[swift-dev] Categorization of warnings in Swift
milseman at apple.com
Wed Jan 13 18:51:29 CST 2016
Upon further discussion with Jordan and others offline, I’m not sure it makes sense at this point in Swift to go about doing categorization. Before wrapping up in this area, I’m going to pursue:
Clean up some existing code, where we have unused categories assigned to all diagnostics (and those categories are arguably useless)
Expose frontend options to treat all warnings as errors as well as options to ignore all warnings
Interesting future work could be along the lines of addressing https://bugs.swift.org/browse/SR-529 <https://bugs.swift.org/browse/SR-529>. After there’s unique identifiers, then we can re-explore finer grained control.
As far as front-end options, any preferences on the command-line switches? I don’t see a need to keep consistency with GCC/Clang here, so perhaps “-suppress-warnings” and “-warnings-as-errors”?
> On Jan 13, 2016, at 2:28 PM, Jordan Rose <jordan_rose at apple.com> wrote:
>> On Jan 13, 2016, at 13:51, Michael Ilseman <milseman at apple.com <mailto:milseman at apple.com>> wrote:
>>> On Jan 13, 2016, at 1:43 PM, Jordan Rose <jordan_rose at apple.com <mailto:jordan_rose at apple.com>> wrote:
>>> Hi, Michael. As one of the people who's been a strong believer of "warning flags result in style dialects", I think it's important to establish a use case here. What will people actually do with warning categories? What warnings will we allow turning off? Under what contexts?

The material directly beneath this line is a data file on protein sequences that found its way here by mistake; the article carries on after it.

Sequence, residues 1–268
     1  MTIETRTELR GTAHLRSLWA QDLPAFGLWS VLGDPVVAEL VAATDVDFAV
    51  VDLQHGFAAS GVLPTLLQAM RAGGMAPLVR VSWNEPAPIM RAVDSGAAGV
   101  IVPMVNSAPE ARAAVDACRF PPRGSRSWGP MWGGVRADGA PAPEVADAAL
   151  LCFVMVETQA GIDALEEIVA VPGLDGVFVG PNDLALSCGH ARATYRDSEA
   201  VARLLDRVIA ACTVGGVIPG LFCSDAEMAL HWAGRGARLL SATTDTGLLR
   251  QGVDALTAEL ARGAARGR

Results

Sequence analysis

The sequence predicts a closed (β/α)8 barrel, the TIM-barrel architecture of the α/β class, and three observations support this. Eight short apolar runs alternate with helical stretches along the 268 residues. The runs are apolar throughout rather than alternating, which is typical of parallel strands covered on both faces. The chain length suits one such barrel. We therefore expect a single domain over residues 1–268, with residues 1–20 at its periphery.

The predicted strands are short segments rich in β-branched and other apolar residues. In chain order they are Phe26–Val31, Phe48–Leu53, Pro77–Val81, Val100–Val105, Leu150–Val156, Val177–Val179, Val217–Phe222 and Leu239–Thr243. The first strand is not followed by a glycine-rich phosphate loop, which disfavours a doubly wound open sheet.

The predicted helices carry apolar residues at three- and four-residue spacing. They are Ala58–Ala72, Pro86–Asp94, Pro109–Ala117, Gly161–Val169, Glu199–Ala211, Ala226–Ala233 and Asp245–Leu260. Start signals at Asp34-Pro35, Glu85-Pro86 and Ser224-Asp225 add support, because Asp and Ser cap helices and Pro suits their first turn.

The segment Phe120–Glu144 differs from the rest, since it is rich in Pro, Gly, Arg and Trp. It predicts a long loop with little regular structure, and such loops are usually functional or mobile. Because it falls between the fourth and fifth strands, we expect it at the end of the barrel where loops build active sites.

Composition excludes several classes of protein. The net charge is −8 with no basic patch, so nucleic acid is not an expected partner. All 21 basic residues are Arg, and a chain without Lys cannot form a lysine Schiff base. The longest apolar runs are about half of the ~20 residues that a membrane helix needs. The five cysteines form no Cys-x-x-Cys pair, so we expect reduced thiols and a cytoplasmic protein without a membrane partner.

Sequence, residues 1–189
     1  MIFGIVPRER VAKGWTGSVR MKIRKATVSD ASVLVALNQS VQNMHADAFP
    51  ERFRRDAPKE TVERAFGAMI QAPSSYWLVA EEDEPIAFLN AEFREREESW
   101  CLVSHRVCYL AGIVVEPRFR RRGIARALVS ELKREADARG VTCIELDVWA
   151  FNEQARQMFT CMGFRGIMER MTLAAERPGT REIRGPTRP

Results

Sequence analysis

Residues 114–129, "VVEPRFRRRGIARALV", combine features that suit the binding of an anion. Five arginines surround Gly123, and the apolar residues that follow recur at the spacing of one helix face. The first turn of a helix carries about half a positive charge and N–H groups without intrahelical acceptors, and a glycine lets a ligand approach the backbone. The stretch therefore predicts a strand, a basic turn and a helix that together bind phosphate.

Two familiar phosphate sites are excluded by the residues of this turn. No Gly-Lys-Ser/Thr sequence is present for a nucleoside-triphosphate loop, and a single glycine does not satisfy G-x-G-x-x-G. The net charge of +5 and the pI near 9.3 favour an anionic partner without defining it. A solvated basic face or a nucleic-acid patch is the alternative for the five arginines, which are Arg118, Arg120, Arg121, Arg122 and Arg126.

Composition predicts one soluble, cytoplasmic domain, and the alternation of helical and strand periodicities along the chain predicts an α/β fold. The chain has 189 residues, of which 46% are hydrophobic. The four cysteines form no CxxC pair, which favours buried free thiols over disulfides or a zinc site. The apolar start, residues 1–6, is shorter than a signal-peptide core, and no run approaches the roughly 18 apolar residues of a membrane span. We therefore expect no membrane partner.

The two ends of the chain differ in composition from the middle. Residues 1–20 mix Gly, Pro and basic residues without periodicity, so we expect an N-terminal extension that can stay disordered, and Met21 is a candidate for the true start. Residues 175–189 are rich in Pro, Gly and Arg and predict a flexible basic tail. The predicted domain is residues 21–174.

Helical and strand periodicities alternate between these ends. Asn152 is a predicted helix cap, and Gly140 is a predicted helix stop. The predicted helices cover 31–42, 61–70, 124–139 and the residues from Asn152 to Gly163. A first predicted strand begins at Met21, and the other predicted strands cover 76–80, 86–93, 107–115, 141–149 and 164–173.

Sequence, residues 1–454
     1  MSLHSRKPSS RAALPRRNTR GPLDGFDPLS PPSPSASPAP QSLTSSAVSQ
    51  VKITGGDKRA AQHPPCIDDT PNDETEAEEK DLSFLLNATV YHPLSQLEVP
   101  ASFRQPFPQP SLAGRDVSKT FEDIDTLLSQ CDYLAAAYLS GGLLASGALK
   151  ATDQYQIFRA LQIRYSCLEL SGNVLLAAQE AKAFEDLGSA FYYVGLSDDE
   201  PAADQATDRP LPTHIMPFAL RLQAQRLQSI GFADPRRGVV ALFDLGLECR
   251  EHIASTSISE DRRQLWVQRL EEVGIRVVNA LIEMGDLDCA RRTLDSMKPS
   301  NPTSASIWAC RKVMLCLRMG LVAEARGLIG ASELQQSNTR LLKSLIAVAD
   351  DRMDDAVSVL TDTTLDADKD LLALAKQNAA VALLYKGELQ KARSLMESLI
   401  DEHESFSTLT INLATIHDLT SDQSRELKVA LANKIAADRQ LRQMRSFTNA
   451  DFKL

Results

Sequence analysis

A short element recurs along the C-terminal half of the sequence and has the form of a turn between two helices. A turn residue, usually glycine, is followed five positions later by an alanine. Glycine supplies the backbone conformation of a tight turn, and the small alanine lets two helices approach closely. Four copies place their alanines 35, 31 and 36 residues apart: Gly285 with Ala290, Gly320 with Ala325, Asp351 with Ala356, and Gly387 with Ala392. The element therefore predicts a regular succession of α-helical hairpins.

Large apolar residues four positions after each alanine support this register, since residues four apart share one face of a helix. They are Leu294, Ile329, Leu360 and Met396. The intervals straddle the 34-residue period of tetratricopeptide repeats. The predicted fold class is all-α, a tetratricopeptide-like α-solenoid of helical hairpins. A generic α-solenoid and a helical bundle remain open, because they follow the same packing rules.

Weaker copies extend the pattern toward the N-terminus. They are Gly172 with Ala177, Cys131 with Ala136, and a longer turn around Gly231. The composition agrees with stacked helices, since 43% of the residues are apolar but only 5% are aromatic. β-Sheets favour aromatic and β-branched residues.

>>> For the "variable never mutated" warning, you mentioned that this doesn't make sense in a rapid experimentation environment. I'd say more specifically that it doesn't make sense in code you're actively changing. But Live Issues should be able to know what code you're actively changing, and only suppress the warning there.
>>> (We do have some ad hoc categorization today, including "REPL mode" as you mentioned. I'm fine with making that something more general.)
>> I’ll look more at REPL mode and see how to better generalize that. It’s more in line with what I’m trying to accomplish, and it may not make sense to categorize all the warnings in Swift so much as call out limited sub-sets. If that’s the case, and doing so is more so the exception than the rule, then I’m more amenable to tags and/or Kate’s suggestions.
>>> I guess I'd rather avoid eagerly classifying warnings, and I'll continue to argue against -W* and -Wno-* flags for the time being.
>> What about global flags, such as “-Werr” or equivalent? Do you have any thoughts about Dmitri’s point on multi-platform libraries and how they sometimes can trigger strict stylistic warnings excessively?
> I'd rather come up with good answers to #if and/or easy, idiomatic ways to silence most warnings (like assigning to _) over flags and diagnostic regions (Clang's pragmas).
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